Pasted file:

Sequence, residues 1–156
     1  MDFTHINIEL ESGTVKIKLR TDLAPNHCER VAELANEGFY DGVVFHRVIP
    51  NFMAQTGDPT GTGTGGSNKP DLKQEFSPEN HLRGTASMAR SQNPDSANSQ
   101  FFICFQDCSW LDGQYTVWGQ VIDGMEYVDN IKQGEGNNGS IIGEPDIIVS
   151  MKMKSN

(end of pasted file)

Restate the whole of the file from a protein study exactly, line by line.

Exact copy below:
Sequence, residues 1–156
     1  MDFTHINIEL ESGTVKIKLR TDLAPNHCER VAELANEGFY DGVVFHRVIP
    51  NFMAQTGDPT GTGTGGSNKP DLKQEFSPEN HLRGTASMAR SQNPDSANSQ
   101  FFICFQDCSW LDGQYTVWGQ VIDGMEYVDN IKQGEGNNGS IIGEPDIIVS
   151  MKMKSN